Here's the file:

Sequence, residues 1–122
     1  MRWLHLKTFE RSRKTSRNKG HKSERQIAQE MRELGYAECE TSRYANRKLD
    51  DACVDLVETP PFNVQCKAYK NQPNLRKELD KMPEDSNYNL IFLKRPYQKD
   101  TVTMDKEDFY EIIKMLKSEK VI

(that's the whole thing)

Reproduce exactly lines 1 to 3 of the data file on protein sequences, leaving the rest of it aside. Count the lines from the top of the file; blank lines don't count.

Sequence, residues 1–122
     1  MRWLHLKTFE RSRKTSRNKG HKSERQIAQE MRELGYAECE TSRYANRKLD
    51  DACVDLVETP PFNVQCKAYK NQPNLRKELD KMPEDSNYNL IFLKRPYQKD